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I understand that an RCD is a device that interrupts an ac circuit (usually in outlets) if current between live and neutral/ground is not the same, indicating something is wrong with the circuit. It is in a closed state (the power is connected to the circuit) when two wire coils (live and neutral) on the same core oppose each other (as they normally do), cancelling out their magnetic fields. However when these coils do not oppose each other or vary enough to produce a net magnetic field they trigger a sensor which opens relays that disconnect the circuit. In practice this could be done when someone touches the live wire for instance and are connected to ground (which is connected to neutral on most modern systems). But my question is in an ac circuit wouldn't shorting out or allowing current flow between the two wires not vary their relative currents because they are already connected in the ac generator and the electrons that pass through the person (or connection point) would just join the alternating flow that already exists (at higher currents but still at the normal 60hz oscillation/opposition between live/neutral)?

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  • \$\begingroup\$ draw a diagram, showing the flows, then put numbers on them, or find an RCD tutorial and post their diagram \$\endgroup\$ – Neil_UK Dec 31 '16 at 7:44
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    \$\begingroup\$ I don't fully understand the question. As far as I understand you want to know what happens if you touch both "live" and "neutral" wires? In this case the RCD does NOT protect you! \$\endgroup\$ – Martin Rosenau Dec 31 '16 at 8:20
  • \$\begingroup\$ Ok, so shorting between live and neutral will not trigger a RCD because this would not create a current discrepancy that would unbalance the coil and disconnect the circuit (but it would trigger a fuse if installed). But I'm still a bit confused on how sending current to ground will create a current imbalance - isn't neutral always grounded anyways? \$\endgroup\$ – Murey Tasroc Jan 24 '17 at 5:36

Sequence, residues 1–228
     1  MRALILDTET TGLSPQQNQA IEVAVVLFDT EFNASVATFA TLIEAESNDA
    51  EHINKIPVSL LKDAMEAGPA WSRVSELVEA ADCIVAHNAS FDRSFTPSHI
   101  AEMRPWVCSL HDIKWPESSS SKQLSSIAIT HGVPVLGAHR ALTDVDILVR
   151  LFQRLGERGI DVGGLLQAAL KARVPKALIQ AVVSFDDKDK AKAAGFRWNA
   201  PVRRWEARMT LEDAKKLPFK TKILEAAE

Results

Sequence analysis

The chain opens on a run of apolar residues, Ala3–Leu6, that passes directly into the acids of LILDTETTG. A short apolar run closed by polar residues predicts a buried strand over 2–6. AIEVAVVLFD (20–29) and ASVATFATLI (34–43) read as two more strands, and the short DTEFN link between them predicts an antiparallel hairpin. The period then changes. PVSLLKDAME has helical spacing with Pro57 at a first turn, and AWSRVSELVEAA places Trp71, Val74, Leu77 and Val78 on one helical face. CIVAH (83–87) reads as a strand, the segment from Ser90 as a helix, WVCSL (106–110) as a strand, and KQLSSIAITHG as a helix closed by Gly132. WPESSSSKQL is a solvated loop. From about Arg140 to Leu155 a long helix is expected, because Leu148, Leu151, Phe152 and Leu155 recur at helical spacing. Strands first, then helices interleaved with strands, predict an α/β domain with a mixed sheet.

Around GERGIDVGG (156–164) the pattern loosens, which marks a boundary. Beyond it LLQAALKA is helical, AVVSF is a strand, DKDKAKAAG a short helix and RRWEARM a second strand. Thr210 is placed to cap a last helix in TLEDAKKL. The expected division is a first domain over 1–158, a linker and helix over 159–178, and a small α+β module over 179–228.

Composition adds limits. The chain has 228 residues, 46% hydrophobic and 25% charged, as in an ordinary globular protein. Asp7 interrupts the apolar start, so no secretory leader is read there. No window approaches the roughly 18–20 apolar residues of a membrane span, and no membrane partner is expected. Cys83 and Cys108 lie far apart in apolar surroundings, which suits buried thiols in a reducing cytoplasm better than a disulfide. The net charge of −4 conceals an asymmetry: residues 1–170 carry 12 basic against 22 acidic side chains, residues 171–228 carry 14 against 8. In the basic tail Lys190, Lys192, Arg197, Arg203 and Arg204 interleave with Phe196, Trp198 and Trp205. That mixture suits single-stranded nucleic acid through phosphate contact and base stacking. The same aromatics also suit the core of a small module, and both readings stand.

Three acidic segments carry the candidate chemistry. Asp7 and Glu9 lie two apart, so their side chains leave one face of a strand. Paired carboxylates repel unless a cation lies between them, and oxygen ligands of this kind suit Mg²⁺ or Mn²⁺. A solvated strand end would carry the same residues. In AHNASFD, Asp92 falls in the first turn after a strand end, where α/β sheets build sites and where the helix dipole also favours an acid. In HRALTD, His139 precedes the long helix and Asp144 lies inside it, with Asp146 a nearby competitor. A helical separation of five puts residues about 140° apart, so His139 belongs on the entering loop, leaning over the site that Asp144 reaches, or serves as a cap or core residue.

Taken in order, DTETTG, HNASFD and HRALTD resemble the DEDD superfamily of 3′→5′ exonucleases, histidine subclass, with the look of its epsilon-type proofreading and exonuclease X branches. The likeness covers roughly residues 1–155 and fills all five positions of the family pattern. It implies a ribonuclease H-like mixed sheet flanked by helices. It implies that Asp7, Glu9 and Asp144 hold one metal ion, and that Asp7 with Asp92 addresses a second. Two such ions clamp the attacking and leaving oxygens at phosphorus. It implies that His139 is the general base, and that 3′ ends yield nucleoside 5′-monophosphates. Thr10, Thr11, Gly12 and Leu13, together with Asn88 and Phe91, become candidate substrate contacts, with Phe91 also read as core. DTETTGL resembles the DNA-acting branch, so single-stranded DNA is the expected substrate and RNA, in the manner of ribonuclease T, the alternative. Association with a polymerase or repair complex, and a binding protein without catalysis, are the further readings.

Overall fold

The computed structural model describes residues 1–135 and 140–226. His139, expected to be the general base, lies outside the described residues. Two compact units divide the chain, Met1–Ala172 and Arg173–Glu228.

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As Martin hinted in his comment, an RCD is most usefull in a situation where a fault is likely to cause a current flow to ground/earth. This is actually a very probable situation for a fault: touching one wire (while being somewhat ground-connected) is much more likely than touching two wires simultaneously. And it doesn't need to be you: the compromised live wire could touch a grounded part of the appliance.

In my country (230V, both wires live) there are generally two classes of appliances: metal casing earthed, and insluated casing 'double isolated'. In this situation a RCD is very usefull for detecting a compromised wire touching a metal part of an earthed appliance.

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Fuse
Primary purpose is to prevent a short circuit from causing a fire. Fuse, however, is too slow to reliably protect a person from electric shock.

RCD (aka GFCI)
Primary purpose is to protect from electric shock. It's a lot more likely that a human touches only the hot, rather than hot and neutral simultaneously.

In an artificial [contrived] scenario, it is possible for an RCD not to "notice" a short. There should be, however, a fuse somewhere upstream of the RCD which will open as a result of a short.

enter image description here (source: EDN article)

By the way, this diagram shows that mains winding (each one) and the sense winding have a comparable number of turns. In practice, mains windings have 1 or 2 turns and the sense winding has 100 to 1000 turns. In the picture below, the sense winding and the transformer core are the black vertical component in the middle of the board. The mains windings are the white and black wire passing through the hole middle.

enter image description here (source: Author's photo archive)

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